Eligibility for other publicly funded services

Eligibility for other publicly funded services

4.10 NHS treatment

Many NHS services are provided free of charge to people in Scotland regardless of their nationality or immigration status, but some people may be required to pay for certain types of treatment.33

Free services

  • Services delivered by a GP
  • Prescriptions
  • Dental and optical examinations*
  • Community services, such as mental health and drug and alcohol services
  • Accident and emergency (A&E) services up until the point that the person is accepted as an in-patient
  • Family planning services
  • Diagnosis& treatment of contagious diseases, including HIV 34
  • Diagnosis & treatment of sexually transmitted diseases
  • Compulsory detention or admission due to a mental health condition (under the Mental Health (Care and Treatment) (Scotland) Act 2003
  • Treatment of a mental health condition as a requirement of a community payback order

* Most dental and ophthalmic treatment will also be free if the person meets one of the exemptions to these services or has obtained an HC2 certificate on the basis of having a low income, for example support from social services or a charity. NHS Scotland has produced a useful leaflet providing more information about these exemptions. 35

Chargeable services

  • Any treatment provided in a hospital, or by staff working under the direction of a hospital, that is not listed above.

A person may be charged for hospital treatment if they are an ‘overseas visitor’ and are not in a group that is exempt from paying the charges. A person will be an overseas visitor if they are not ordinarily resident in Great Britain or Northern Ireland.

People who do not have to pay for chargeable services

The following people will be ordinarily resident if they are living lawfully in the UK for a settled purpose:

  • British citizen
  • EEA national
  • Non-EEA national who has either:
    • settled status, for example, indefinite leave to remain; or
    • a right to reside under EU law, for example, the primary carer of a British child

Anyone else will be referred to as an ‘overseas visitor’ and will be required to pay for hospital treatment unless an exemption applies.

The exemptions are set out in the National Health Service (Charges to Overseas Visitors) (Scotland) Regulations 1989, and include a person who has:

  • Made a formal application for asylum, whether pending or unsuccessful
  • Refugee status
  • Leave to enter or remain in order to work or to be self-employed
  • Leave to enter or remain on a settlement route, for example, as a spouse of a British citizen, or as the parent of a British child/ child who has lived in the UK for seven years
  • Lived lawfully in the UK on any other basis for one year or longer prior to receiving treatment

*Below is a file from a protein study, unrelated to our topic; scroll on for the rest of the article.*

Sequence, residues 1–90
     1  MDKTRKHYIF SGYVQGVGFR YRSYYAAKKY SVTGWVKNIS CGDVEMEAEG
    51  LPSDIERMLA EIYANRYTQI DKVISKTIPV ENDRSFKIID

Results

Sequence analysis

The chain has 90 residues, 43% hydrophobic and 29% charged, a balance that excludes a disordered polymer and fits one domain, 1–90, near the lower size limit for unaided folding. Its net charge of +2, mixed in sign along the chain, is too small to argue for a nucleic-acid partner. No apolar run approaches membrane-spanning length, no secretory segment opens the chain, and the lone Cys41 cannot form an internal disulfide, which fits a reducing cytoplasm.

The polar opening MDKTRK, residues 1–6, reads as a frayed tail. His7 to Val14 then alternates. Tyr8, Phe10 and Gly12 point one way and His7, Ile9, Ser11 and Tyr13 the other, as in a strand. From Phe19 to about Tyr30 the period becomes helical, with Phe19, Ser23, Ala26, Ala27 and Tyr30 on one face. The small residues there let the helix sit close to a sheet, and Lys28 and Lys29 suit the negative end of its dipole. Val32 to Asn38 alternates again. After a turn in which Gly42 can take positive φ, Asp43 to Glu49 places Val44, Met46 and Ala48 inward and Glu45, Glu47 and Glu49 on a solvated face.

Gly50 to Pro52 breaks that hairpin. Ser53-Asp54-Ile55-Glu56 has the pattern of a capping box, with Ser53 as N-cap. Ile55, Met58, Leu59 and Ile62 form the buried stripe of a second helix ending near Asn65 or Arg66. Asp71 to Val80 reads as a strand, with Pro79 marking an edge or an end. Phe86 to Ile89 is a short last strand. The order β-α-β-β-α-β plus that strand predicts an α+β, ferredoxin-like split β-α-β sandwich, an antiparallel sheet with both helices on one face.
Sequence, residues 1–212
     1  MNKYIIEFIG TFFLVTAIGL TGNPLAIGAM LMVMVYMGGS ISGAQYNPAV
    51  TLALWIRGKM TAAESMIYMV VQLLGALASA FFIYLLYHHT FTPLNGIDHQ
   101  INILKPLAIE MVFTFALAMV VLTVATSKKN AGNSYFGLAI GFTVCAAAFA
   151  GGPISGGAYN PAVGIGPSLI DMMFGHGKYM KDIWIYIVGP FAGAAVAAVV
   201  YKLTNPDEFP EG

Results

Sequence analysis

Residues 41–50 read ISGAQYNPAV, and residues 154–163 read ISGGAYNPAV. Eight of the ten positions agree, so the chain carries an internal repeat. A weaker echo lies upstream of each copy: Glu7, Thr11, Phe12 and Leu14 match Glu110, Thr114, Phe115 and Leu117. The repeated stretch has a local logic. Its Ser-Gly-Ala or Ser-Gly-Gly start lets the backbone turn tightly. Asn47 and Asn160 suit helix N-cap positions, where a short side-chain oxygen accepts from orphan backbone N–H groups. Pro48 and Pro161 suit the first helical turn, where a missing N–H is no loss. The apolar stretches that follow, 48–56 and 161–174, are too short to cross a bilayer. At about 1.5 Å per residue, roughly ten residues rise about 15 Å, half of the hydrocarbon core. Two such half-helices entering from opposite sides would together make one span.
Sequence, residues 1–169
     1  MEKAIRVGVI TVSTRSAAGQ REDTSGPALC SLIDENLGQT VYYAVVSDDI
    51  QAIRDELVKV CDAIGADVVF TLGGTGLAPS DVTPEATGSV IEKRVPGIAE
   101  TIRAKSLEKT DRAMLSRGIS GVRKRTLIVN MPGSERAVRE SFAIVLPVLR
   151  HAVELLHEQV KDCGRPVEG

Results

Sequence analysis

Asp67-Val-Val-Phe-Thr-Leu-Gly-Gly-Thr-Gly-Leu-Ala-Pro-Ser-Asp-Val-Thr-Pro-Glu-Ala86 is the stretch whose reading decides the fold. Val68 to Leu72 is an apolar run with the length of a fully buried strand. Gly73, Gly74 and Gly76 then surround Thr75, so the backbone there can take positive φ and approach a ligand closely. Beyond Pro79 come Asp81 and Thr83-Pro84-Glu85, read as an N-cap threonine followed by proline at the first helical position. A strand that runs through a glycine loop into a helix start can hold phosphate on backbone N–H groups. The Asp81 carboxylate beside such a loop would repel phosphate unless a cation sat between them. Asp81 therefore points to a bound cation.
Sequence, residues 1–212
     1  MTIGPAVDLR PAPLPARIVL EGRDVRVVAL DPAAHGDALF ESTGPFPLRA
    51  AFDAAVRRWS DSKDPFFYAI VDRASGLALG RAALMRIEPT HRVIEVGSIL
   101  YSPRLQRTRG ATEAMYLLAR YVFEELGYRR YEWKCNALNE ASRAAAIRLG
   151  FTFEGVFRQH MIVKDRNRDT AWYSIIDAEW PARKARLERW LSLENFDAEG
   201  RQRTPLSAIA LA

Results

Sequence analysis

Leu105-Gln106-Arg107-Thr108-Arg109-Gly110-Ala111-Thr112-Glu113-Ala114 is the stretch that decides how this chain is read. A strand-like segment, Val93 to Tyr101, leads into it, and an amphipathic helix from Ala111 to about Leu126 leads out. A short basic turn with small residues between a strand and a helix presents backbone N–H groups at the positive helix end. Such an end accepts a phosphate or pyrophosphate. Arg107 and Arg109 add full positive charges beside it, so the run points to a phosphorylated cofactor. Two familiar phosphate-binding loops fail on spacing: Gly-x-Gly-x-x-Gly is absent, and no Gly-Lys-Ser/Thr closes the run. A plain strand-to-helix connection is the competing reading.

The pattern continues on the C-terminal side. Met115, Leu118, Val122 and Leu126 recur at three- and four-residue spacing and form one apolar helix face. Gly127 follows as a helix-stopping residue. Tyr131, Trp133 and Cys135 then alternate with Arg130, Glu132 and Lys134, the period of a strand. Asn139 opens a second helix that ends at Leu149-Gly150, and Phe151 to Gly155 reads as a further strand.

• Is studying full-time in the UK at a further or higher education institution
  • Is a survivor of trafficking or modern slavery who has either received a reasonable grounds decision and is still waiting for their conclusive grounds decision, or has received a positive conclusive grounds decision
  • Is detained for a criminal matter or immigration matter
  • Is the spouse, civil partner or child of a person in the above categories

An asylum seeker will be entitled to NHS treatment on the same basis as a UK national who is ordinarily resident in Scotland, even if their claim is unsuccessful and they become appeal rights exhausted (ARE). Asylum seekers who are granted Refugee Status or another form of leave to remain will continue to be exempt from NHS charges on the same basis as a person who is ordinarily resident in Scotland.

People who apply for leave to enter or remain in the UK for a limited period will usually need to pay the Immigration Health Charge (IHC) as part of their application, in order to receive most chargeable NHS treatment for free. This has not yet been incorporated in to the Scottish charging regulations, but such people will have the same access to free NHS care as a person who is ordinarily resident in Scotland.

People who may have to pay for chargeable services

A person may need to pay for hospital treatment if they are:

  • A person without leave who has not claimed asylum
  • On a short-term visit visa of less than six months

This could, therefore, include people who are being provided with accommodation and financial support by social services because they have no recourse to public funds (NRPF).

Maternity provision, including antenatal care, must not be delayed or refused due to issues arising regarding charging and inability to pay, because such treatment is classed as immediate and urgent medical care. However, when a pregnant woman is liable to pay for her maternity care, she may be charged after the care has been provided.

The NHS has the ability to write off debts and not pursue them if a person is destitute or genuinely without funds.

However, when a person accrues an unpaid NHS debt of £200 or more, this information may be shared with the Home Office. Where a person accrues an NHS debt of £500 or more, then this could lead to an immigration application being refused.

Further information and resources:

  • NHS Inform – Healthcare for asylum seekers, refugees and overseas visitors with helpline and webchat advice service 36
  • Scottish Government – Overseas visitors 37
  • Chief Executive Letter (CEL) 9 (2010) – Guidance on the charging regulations 38
  • NHS Circular: PCA(M)(2018) 10 - Guidance on GP registration 39